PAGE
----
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A fig tree brings variety to your orchard. Sweet, healthy fruit will develop in late summer in a warm, sheltered spot. With instructions on how to multiply the fig tree, we explain how you can breed and raise your own offshoots.

In a nutshell

  • Figs come from the Mediterranean region
  • new breeds thrive in the Central European climate
  • Propagation by cuttings, sticks and seeds possible

The Fig Tree

The true fig (Ficus carica) is one of the oldest useful plants.


  • Origin: Mediterranean region
  • grows as a shrub or small tree
  • numerous varieties available
  • deeply dissected leaves
  • medium-sized, cone-shaped fruits
  • inconspicuous flowers
  • Foliage coloring in autumn
  • robust against disease

Site conditions:

  • bright, warm, sheltered locations with loose, nutrient-rich soil preferred
  • suitable for tub culture
  • Overwinter with winter protection outdoors or in a sheltered, frost-free place in a bucket

propagate fig tree

There are 3 ways to propagate a fig tree:

  • cuttings
  • sticks
  • seed

Propagation by seed is complicated and often results in no fruiting.

If you want to harvest delicious figs, you should use cuttings or sticks. Choose a healthy, mature fig tree. The propagation of cuttings or cuttings is a suitable method for obtaining new ornamental and useful trees.


Cuttings are obtained from young shoots that are not yet woody. Depending on the area of the shoot from which they are obtained, a distinction is made between head cuttings, partial cuttings and basal cuttings.


The propagation of trees by cuttings is a special form of propagation by cuttings. The difference is that cuttings are obtained from slightly woody leafless shoots that have grown in the last season.

Propagation by sticks

Best time: late autumn to spring


  1. On the fig tree, choose a slightly woody shoot that grew in the previous season.
  2. Use a sharp, clean knife to cut this off the tree below one eye.
  3. Divide the shoot into two or three pencil-length pieces with a bud showing at the top and bottom.
  4. Make a wounding cut on the lower end of the shoots by cutting off a small piece of bark next to the bud.
  5. Let the cut surfaces dry overnight so that no more milky juice escapes.
  6. Tie the sticks together with string. Pay attention to the direction of growth. Coat the upper cut surfaces with wound healing agent to prevent rapid drying out and to support root formation.
  7. Put the joined woods in a flower pot so that they stick out about three to four centimeters.
  8. A mixture of potting soil and sand is suitable as a substrate.
  9. Water the sticks.
  10. Put a clear plastic bag over the pot. In this way, a greenhouse climate develops, which stimulates root formation.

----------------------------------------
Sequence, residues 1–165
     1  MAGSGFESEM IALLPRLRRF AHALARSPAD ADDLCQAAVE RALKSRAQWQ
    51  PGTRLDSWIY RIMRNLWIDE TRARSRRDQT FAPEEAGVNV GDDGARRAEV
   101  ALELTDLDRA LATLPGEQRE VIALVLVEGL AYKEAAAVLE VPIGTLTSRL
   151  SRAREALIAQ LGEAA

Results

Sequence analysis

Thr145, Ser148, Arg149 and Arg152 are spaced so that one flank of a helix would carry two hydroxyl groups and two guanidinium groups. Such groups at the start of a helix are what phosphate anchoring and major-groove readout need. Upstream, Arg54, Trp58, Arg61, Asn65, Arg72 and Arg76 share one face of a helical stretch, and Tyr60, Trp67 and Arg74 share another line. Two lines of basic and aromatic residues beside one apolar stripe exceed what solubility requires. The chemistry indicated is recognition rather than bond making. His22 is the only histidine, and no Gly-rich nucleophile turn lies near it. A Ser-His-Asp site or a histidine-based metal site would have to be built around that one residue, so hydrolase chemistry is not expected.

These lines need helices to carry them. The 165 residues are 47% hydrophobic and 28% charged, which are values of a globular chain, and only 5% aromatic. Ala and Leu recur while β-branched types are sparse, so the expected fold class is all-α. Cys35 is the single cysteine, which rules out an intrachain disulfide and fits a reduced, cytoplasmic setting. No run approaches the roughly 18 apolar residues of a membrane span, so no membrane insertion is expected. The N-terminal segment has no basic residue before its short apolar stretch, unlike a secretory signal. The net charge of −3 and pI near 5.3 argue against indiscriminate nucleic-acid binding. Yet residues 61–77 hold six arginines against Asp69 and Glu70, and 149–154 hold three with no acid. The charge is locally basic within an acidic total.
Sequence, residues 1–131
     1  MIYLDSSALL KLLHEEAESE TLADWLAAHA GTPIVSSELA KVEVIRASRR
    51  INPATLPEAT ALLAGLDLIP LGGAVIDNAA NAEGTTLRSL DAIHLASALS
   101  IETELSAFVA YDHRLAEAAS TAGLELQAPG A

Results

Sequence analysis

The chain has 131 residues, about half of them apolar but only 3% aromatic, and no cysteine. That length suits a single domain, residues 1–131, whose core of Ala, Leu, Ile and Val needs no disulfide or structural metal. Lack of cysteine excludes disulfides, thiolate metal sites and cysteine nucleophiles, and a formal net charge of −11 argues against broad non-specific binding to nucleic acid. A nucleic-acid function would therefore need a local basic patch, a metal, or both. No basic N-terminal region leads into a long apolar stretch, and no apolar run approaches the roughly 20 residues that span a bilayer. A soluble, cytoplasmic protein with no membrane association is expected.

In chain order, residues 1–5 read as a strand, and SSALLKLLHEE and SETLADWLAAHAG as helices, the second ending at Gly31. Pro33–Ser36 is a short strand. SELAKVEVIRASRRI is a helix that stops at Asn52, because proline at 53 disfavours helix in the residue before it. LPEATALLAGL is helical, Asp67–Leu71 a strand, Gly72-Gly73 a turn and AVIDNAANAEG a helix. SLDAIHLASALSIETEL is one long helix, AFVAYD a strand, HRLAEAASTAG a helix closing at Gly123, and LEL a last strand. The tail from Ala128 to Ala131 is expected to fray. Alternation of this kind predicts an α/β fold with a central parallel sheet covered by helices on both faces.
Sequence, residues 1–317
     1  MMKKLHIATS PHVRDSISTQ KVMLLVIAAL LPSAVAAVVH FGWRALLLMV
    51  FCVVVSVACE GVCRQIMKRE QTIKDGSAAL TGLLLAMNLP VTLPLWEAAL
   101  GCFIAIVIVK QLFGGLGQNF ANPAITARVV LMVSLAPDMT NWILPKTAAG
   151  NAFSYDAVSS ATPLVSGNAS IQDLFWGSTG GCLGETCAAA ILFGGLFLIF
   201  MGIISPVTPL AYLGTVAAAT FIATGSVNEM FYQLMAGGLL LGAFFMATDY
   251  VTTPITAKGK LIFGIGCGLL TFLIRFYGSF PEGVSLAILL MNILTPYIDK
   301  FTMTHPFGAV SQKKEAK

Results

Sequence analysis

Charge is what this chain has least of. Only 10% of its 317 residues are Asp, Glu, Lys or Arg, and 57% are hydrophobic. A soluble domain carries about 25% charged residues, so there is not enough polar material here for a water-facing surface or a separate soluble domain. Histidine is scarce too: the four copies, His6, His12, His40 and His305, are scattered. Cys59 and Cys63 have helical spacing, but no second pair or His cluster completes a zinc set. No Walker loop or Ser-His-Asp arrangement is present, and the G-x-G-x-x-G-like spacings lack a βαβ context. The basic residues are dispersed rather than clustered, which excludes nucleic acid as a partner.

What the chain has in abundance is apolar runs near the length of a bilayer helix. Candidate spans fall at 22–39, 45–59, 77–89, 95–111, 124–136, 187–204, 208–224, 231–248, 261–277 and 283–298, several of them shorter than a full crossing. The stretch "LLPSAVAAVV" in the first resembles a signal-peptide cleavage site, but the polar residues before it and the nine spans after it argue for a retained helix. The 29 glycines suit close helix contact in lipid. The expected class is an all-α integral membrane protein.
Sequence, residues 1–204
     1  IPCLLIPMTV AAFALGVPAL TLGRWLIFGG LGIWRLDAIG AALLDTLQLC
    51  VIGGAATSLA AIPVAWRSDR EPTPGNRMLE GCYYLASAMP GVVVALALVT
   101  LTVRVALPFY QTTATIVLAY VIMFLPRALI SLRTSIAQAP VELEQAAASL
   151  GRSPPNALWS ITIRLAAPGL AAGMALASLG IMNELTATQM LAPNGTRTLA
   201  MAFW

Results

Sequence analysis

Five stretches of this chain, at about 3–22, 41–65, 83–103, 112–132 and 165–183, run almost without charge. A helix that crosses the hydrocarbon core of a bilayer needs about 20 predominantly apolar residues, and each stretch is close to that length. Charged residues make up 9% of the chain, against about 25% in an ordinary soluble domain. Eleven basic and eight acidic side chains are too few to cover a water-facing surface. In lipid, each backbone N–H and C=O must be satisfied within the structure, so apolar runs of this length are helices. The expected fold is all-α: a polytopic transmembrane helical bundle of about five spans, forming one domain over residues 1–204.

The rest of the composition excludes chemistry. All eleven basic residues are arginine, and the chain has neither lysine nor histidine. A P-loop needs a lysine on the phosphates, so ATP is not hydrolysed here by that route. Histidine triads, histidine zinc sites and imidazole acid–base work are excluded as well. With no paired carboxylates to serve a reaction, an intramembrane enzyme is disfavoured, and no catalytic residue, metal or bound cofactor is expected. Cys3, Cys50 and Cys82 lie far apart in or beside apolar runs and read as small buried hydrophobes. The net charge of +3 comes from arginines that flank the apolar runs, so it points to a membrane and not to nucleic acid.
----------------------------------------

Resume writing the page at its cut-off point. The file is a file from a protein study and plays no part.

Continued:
Attention: After the shoots are cut, milky juice comes out. Put on gloves, because the milky juice can trigger allergic reactions in sensitive people.

Notice: The connection of several sticks with a piece of string is a method that is still widespread in tree nurseries today. to pull offshoots. The advantage is that at least one stick forms roots and the available space is optimally used.

Propagation by cuttings

If you want to get offshoots of a fig tree, you can also use young shoots as cuttings.

When: summer


  1. Choose a young shoot on the fig tree that is not yet woody.
  2. Cut this off below one eye with a clean, sharp knife.
  3. Remove the leaves in the lower part.
  4. Make a wound cut at the bottom of the cutting by removing a small piece of bark.
  5. Put the cutting in a pot filled with potting soil. Put a clear plastic bag over it.
  6. The young plant requires a warm location in winter. In spring, when no more night frosts are to be expected, you can slowly get them used to the outside temperatures.

Notice: Alternatively, you can put the cuttings in a flower vase filled with water and when stable roots have formed, plant them in a pot with soil.

Frequently asked Questions:

How long does it take for fig tree cuttings to root?

Roots form after about three weeks. The more lignified the shoot is, the longer it takes for root formation.

What should be considered when protecting young figs over the winter?

Commercially available fig varieties are suitable for the Central European climate. Some are hardy. However, young figs always need winter protection. We recommend cultivating the offshoots in tubs for the first three years so that they can hibernate in a sheltered place in the garage or basement.

Can seeds from purchased figs be used for propagation?

Obtaining seeds of purchased figs for propagation is possible. However, we advise against it. The commercially available figs come from warm Mediterranean regions and are not suitable for Central European climates. Many of these varieties only have female flowers. They need bisexual plants for pollination and the fig wasp as a pollinator. The special wasp species is not native to Germany, so that no fruiting is to be expected on plants from seeds of purchased figs.

What is the advantage of the wound cut?

A wound pruning is a common method of speeding rooting of cuttings. So-called wound callus forms on the cut surface to close the wound. The wound callus is a dividing tissue from which new roots quickly sprout. The incision may only be one centimeter long and a few millimeters wide.

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